Stress- Free Car Buying Tips
Welcome to our newest contributor Michele Dubel. Once a month she will be sharing some great advice and tips to help you live a stress free life. Check her out…..
Years ago when I first purchased my first car, a salesman was quick to approach me and ask what my favorite color was. I promptly left the lot. Often compared to painful surgeries without the anesthesia, car shopping made the top ten most stressful experiences in a person’s life. Until recently.
Technology has leveled the playing field. With seven years of sales consultant experience, Tim Brandt, of McCandless Ford in Mercer, offers these strategies to make car buying a stress free experience.
Take advantage of today’s technology. An informed consumer matched with a professional salesperson makes for a much smoother process. Knowledge will boost your confidence.
Price shop and compare features with costs. Most dealerships are closed on Sundays allowing a consumer to view the vehicles or compare them online. Keep in mind that not all printed material or information posted on the internet is accurate. View these resources (e.g. Kelly Blue Book) as a guide only.
Today’s technology allows for a more accurate estimate of things such as trade value and price of new and used vehicles. The current market determines the value of trade-in as well as the sale price of used vehicles.
Have reasonable expectations. Oftentimes, consumers set themselves up to be frustrated. Know ahead of time what realistically will fit into your monthly budget, including gas, repairs, and car insurance.
Don’t be afraid to ask for what you want. Your salesperson and dealership want you to be completely satisfied with your purchase. Providing you all the information you need to be comfortable with your purchase is part of their job.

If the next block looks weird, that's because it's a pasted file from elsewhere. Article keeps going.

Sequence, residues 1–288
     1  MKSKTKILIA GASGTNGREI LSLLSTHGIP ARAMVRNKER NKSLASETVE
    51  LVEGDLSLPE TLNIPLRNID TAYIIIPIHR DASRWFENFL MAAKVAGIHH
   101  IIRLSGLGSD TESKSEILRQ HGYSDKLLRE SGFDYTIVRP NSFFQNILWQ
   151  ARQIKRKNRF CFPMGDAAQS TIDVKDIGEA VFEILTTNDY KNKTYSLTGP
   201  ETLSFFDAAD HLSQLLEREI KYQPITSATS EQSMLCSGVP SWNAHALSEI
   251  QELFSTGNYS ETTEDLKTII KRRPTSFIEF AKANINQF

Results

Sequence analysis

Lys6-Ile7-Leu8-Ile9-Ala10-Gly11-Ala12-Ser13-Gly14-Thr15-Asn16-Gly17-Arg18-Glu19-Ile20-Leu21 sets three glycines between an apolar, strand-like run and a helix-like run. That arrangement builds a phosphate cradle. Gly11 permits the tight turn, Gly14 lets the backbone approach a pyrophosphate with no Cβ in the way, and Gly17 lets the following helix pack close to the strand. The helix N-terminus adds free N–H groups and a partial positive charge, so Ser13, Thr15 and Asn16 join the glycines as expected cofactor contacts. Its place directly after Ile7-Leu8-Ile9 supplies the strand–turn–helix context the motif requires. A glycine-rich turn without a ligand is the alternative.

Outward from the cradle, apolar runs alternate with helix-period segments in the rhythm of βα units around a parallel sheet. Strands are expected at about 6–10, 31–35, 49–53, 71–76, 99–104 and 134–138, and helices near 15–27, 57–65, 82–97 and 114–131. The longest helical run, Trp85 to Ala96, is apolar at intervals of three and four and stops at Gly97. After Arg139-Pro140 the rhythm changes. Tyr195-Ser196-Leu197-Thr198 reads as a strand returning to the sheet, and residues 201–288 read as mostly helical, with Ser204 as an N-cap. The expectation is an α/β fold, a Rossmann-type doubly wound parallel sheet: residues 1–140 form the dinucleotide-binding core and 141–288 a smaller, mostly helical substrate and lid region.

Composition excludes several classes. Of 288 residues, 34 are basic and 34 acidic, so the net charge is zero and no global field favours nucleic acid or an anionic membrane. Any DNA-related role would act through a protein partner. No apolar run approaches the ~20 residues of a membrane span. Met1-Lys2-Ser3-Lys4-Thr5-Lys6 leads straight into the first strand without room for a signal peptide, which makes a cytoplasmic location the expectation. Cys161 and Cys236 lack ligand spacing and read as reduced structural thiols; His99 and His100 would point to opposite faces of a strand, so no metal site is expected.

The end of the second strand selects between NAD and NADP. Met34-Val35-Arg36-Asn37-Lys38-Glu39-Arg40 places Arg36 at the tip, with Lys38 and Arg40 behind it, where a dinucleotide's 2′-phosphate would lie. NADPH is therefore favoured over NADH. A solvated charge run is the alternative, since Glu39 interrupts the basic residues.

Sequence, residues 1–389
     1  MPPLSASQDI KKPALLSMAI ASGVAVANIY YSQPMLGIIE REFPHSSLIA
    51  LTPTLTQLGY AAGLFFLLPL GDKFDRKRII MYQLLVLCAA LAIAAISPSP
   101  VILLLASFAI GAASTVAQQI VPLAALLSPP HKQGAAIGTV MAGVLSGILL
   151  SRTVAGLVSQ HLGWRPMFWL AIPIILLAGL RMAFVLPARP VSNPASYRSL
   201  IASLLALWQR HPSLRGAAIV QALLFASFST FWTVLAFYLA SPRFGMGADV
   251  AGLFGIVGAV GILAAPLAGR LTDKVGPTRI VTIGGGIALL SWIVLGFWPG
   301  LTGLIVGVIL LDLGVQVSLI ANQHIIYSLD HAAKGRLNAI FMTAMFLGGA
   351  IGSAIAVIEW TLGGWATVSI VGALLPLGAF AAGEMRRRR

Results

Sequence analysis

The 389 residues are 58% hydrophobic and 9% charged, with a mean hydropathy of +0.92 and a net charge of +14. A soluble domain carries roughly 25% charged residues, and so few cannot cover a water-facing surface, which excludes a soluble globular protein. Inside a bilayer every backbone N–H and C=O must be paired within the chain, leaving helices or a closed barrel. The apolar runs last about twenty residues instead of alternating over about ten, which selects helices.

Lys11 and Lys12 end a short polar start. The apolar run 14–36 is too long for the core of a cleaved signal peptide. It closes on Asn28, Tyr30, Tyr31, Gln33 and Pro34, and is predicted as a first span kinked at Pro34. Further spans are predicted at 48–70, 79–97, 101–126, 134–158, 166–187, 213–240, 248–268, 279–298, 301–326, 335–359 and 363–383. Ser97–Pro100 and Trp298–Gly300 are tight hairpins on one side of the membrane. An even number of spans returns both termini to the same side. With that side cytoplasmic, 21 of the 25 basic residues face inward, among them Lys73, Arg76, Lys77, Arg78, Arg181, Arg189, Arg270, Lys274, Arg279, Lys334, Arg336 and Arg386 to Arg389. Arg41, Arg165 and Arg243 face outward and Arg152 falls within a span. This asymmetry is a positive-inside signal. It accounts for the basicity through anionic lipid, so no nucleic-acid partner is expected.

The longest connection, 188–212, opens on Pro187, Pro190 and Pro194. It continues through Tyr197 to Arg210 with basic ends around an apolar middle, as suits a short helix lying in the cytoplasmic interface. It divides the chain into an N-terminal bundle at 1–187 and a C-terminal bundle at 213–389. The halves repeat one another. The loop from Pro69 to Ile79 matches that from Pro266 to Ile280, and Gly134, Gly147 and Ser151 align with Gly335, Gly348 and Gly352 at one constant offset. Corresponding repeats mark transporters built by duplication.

Clearly conveying your wants and needs will greatly assist the salesperson in finding the right car for you.
Attitude is everything. This can be fun! Try your best to come with a good attitude and embrace the car buying experience. Viewing the trip to the dealership with anxiety and fear will cause frustration and create a feeling of being overwhelmed. If you look at it as an exciting time in which you get to pick out a new vehicle it will be a much more enjoyable experience.
Allow for enough time. Buying a car is a multi-stage event and may require multiple visits, particularly if financing is involved. It often requires long periods of waiting.
Like any relationship, buying a car is based on communication from all parties. Done correctly, a dealer hopes you will continue to return for all your new and used car buying needs. Done poorly, the car lot is vacant with the customer walking away.
Check out the interior and exterior of the vehicle before signing papers and driving off the lot. Verbal contracts are only as good as the paper they are written on.
To have a stress-free buying experience, a buyer should always keep in mind that they are the ones who make the final decision. A great product does not need a pushy sales person, but someone who will listen to and strive to meet the identified needs.
Michele Dubel is a Wellness Educator, Recreational Therapist, and author; certified Arthritis Foundation exercise and self-help trainer with nearly two decades of experience as a geriatric and stress management specialist. She is has a Master’s of Science in Organizational Leadership, Geneva College; a Master’s in Holistic Nutrition from Clayton College of Natural Health.
For more information join her Facebook page www.facebook.com/groups/empower.resources/